By Carlyle Laurie for CNN
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LONDON, England (CNN) -- You don't often associate cricket with drugs cheats, but unfortunately for Pakistan two of their players have been at the heart of the sport's latest controversy. Here's all you need to know.
So what's happened?
The latest furore is a two-year ban imposed on quick bowler Shoaib Akhtar -- know as "the Rawalpinidi Express" -- and a one-year ban on the golden boy of Pakistani cricket, Mohammad Asif. Both tested positive for a banned steroid. That's just not cricket.
What were they on?
Both cricketers tested positive for the banned steroid nandrolone on October 16, 2006. The Pakistan Cricket Board (PCB) carried out the tests before the team left for India to compete in the Champions Trophy. Both samples of Shoaib and Asif tested positive at the accredited lab in Kuala Lumpur.
What does nandrolone do?
Nandrolone is an anabolic steroid. It's a banned substance that often crops up in drugs tests of athletes from a variety of sports. It provides an extra edge by helping to build muscle, reduce fatigue and improve recovery times from exhaustion. It's not all good, obviously, as it also increases damage to the liver and heart. Sportsmen caught out for using it in the past include Czech tennis player Petr Korda, Dutch footballer Edgar Davids and British sprinter Linford Christie.
What was the Pakistan Cricket Board's reaction?
After the test results were revealed the PCB appointed a three-man doping tribunal headed by Pakistani barrister Shahid Hamid to look into the matter. The panel ruled the pace pair out of all international and domestic cricket for two years.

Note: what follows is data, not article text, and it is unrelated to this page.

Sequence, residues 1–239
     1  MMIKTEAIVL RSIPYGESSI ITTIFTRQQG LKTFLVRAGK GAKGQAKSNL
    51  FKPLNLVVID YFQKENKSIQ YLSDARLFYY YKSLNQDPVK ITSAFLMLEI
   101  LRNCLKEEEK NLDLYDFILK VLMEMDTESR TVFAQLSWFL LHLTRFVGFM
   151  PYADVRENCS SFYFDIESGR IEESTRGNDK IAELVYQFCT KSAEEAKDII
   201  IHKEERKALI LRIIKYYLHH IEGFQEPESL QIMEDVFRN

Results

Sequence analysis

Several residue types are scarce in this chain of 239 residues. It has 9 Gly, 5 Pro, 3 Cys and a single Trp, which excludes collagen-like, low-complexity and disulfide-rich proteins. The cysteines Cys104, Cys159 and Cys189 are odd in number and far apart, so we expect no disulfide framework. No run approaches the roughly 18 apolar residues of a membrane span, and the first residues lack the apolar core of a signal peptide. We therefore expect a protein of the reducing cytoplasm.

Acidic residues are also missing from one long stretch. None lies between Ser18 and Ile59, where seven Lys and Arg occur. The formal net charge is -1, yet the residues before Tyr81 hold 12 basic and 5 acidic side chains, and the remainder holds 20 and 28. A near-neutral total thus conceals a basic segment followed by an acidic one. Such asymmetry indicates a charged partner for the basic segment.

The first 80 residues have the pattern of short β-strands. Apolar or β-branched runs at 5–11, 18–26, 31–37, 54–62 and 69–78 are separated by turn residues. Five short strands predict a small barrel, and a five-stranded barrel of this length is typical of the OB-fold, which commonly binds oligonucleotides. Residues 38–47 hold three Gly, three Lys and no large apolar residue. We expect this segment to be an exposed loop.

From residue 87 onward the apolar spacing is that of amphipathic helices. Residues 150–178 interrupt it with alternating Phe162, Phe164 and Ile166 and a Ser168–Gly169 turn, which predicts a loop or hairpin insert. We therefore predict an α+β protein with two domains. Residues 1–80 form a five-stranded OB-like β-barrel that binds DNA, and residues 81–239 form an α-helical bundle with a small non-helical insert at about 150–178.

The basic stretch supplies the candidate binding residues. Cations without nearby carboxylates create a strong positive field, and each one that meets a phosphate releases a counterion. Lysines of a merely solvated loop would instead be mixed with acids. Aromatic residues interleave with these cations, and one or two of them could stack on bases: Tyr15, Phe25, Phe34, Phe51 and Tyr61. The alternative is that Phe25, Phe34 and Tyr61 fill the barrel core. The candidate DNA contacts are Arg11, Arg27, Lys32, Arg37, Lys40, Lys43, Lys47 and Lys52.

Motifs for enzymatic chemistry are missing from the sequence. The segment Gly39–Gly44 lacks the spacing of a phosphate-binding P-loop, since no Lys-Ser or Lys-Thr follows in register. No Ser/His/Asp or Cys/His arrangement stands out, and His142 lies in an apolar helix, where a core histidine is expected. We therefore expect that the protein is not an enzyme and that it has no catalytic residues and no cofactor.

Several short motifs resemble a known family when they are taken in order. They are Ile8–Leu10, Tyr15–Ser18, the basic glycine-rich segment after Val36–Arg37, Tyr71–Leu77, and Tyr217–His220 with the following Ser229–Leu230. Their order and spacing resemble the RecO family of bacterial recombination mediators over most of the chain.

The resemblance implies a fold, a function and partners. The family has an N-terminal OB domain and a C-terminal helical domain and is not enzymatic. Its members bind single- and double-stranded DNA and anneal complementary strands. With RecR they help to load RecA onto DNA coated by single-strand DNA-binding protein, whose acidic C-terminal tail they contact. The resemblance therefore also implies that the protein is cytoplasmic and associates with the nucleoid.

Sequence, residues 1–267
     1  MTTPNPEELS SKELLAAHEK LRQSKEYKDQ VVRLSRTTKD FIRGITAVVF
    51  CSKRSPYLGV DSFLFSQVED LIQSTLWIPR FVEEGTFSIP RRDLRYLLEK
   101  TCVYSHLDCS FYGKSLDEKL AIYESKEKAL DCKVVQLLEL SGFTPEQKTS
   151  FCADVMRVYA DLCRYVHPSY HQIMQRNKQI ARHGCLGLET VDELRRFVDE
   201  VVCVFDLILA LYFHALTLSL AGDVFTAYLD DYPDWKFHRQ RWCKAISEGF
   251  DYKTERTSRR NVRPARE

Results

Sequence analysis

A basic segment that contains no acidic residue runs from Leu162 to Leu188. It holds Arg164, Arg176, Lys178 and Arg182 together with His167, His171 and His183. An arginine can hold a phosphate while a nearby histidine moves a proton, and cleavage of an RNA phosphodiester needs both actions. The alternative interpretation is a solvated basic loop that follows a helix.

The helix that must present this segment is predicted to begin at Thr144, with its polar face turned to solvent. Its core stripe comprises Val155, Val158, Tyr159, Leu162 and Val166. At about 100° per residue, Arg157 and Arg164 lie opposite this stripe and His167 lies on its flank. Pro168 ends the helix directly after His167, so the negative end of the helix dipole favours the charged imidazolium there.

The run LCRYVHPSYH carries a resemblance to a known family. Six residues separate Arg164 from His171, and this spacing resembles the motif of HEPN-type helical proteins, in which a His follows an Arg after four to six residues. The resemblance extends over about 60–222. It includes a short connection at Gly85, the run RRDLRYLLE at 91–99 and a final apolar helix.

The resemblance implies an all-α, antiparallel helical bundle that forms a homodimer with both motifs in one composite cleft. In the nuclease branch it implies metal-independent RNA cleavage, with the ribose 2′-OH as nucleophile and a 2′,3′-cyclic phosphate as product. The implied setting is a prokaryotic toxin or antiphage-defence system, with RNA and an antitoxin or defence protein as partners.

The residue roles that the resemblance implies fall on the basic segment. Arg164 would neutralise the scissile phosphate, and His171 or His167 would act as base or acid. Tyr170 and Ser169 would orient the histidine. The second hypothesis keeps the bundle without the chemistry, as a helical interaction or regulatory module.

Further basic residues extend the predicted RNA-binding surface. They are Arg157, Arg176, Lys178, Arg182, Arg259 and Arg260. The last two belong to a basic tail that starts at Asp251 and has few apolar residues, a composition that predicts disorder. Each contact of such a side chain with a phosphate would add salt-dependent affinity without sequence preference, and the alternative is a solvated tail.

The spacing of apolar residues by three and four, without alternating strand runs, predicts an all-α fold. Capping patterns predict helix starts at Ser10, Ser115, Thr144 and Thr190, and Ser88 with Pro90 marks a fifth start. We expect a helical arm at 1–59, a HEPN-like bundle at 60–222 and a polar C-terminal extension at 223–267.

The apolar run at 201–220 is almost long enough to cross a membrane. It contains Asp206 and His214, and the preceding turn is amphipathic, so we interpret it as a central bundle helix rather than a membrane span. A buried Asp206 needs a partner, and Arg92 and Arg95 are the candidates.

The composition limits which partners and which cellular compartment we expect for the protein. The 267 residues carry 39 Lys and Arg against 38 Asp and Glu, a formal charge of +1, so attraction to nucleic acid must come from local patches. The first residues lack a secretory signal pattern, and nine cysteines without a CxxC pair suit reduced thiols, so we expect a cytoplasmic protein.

Hamid told reporters in Lahore on Wednesday, "We gave a full chance to both the pacemen to fight their cases and after a thorough inquiry we feel they failed to prove their innocence. The two players are banned from representing Pakistan in any international match, cannot play in a domestic match under the auspices of the PCB, cannot take any monetary gains and cannot hold any official posts."
Shoaib, who tested negative in 2003 and 2004, plans to appeal against the ruling.
How did the team fare in the Champions Trophy campaign without them?
Despite the odds being stacked against them, Pakistan began the Champions Trophy with a bang beating Sri Lanka by four wickets in their first game on October 17. There after it all went awry with losses to both New Zealand and South Africa.
Will the pace-duo be missed?
They sure will be missed -- especially with the Cricket World Cup slated to be played in 2007. Shoaib is the world's fastest bowler (having bowled at a speed of 100.23mph (161.3kph) against England in February 2003) and youngster Asif had been touted by cricketing gurus as the next big thing in international cricket. Pakistani coach Bob Woolmer told an Indian newspaper, "It is unfortunate and it will hurt us. It's just like Australia being without Brett Lee and Glenn McGrath. It's tough on everybody, the two players, the team and Pakistan cricket. But there are laws to abide by."
Are they the first cricketers to be caught out by drugs?
No they aren't, Shane Warne tested positive for a diuretic before the 2003 World Cup and received a one-year ban. However, drugs of the non-performance enhancing kind have been around the game for a while. England legend, Ian "Beefy" Botham admitted smoking marijuana during a tour of New Zealand in 1984, while five South African players were found guilty of smoking the weed after a win against the West Indies in 2001. Occasional England international Ed Giddins was caught taking cocaine in 1999.
Shoaib Akhtar and Mohammad Asif are the latest faces to earn a place cricket's hall of shame.
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